Cambodia, Day 10 (Aug. 7, 2007)

Ate breakfast at our Guesthouse -- lemon honey crepes for me; potato puff, bacon, eggs, toast, juice and coffee (aka "The American") for Brad. Then Brad and the gang walked to Serendipity Beach* and back while I sat in a papasan chair at Dara's. The fever has finally broken, but I'm still feeling weak, and Dara's was just what the doctor ordered. I sat in that chair for seven straight hours with only a short swim in the Gulf to break up the day. I took a magazine with me, but every time I opened it, I thought, "I could be staring at the Gulf of Thailand." So I did. Despite the steady stream of beggars, children, pedicure hawkers, and musicians, it really was quite relaxing.

The guys all wanted to go to the Snake House for dinner, even though we knew it was a tourist trap with crummy food. We should have known something was amiss when the tuktuk driver gave lots of excuses why it would cost $5. After some discussion, we decided to pay $10 round trip, but only if he waited for us. That's when the fun began.

First stop: the base of a dark hill with a LONG flight of stairs up. Meg says, "Snake House at top?" TukTukMan says "Yes." Meg, Eric, and Phil ran ahead to make sure it was open before we began the climb. They returned with the news that we were at Chez Claude's, not the Snake House. TukTukMan laughed and laughed. "Oh, you want SnakeHouse. That sound like Chez Claude." No, that sounds like Dump-Dumb-Tourists-at-Pricey-Restaurant-Where-I-Get-Kickback-And-I'll-Go-Away-Before-They-Come-Back-Downstairs. We hopped back into the tuk-tuk just as TukTukMan says "It cost more for Snake House." Wrong. We made our sentiments fairly clear, for which we were rewarded with a bumpy, unpleasant, circuitous drive past a shanty town with abandoned buildings where homeless people were hovering over burning barrels. For free, he threw in an awkward stop at a traffic circle where we thought we might possibly be tossed or mugged.** We did finally reach the Snake House only to discover it catered to a more, um, masculine, Russian clientele. Brand new humvees were parked out front, and loud dance music poured out of the bar area called The Snake Pit where Phil discovered you could actually buy your own dancing girl. Brad ordered the Chicken Kiev, and I ate vareniki, a potato ravioli. When in Rome...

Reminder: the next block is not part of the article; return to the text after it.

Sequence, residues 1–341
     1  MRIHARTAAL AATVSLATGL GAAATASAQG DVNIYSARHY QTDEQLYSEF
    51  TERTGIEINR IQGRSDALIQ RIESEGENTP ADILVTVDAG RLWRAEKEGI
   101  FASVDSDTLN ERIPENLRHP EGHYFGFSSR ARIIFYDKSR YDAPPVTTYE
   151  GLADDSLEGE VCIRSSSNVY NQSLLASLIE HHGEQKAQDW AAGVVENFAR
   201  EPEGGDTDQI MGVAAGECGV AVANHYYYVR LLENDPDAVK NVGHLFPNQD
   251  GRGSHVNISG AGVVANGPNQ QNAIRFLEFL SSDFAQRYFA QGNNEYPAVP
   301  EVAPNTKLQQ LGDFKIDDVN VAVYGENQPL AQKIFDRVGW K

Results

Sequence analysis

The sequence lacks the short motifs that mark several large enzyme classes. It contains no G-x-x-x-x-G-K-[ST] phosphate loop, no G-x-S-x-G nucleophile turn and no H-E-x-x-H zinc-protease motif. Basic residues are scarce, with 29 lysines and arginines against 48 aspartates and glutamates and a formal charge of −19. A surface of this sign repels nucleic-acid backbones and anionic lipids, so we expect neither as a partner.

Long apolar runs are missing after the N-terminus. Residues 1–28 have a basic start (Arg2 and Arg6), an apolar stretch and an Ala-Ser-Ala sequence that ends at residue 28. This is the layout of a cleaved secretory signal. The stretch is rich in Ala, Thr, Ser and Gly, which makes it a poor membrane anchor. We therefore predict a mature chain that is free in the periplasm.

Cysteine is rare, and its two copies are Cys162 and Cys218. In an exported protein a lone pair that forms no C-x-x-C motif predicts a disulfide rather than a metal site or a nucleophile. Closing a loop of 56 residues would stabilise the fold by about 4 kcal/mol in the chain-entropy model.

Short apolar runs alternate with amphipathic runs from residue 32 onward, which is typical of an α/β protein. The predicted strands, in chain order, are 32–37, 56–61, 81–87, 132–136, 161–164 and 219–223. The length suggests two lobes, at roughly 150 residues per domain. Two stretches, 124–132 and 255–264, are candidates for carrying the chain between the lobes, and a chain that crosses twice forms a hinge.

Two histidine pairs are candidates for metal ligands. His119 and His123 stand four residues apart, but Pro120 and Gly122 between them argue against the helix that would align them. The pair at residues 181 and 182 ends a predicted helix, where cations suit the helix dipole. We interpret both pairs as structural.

The room was filled with large tanks full of venomous snakes, and many of the tables had cranky-looking snakes under the tabletop glass; there was also a crocodile on a leash.*** The overhead television blared Fashion Week coverage from Sao Paolo in Russian. Pretty sure we were the only non-Russian (and probably non-mafia) customers there. As we left, we passed the saddest birds I've ever seen in captivity. Two scarlet macaws in one cage looked as if they desperately wanted out. In summary, we ate Russian food in the Cambodian jungle surrounded by snakes with a waitstaff:patron ratio of 8:1 (all gorgeous Cambodian women who seemed puzzled by our presence.****)

Just to reaffirm that TukTukMan had been screwing with us earlier, we zipped home in no time using only three major roads. The trip home was uneventful except for the parade of 30 sweet rally cars that forced us off the road. I really do love this place.
Brad's footnotes
* In keeping with the spirit of irony, I walked barefoot -- a mistake -- on the beach where drains from businesses ran right down the beach and into the Gulf. I remember a paralyzing fear when I stepped down and felt something puncture the skin of my heel. So, for future reference, bring your flip-flops.
** She's not exaggerating. There were no streetlights, traffic or commercial development at this
traffic circle. Nevertheless, our driver stopped here for a few minutes. I thought, either he's lost or he's waiting for his friends, the muggers.
*** You'll note there are no pictures from the Snake House. None of us had the guts to take any in front of Bruno-witz and Left-ovsky. You can find some here, though.
**** So, not a bad place, really.

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